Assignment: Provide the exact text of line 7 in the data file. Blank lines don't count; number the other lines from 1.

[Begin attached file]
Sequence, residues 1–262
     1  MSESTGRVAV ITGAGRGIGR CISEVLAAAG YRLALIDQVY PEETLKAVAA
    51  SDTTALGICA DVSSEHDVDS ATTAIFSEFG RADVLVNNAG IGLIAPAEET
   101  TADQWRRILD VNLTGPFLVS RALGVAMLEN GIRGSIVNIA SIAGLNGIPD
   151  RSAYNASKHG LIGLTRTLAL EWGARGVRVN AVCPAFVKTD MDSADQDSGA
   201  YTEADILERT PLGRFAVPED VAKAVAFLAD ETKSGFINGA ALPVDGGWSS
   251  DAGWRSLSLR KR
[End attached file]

   251  DAGWRSLSLR KR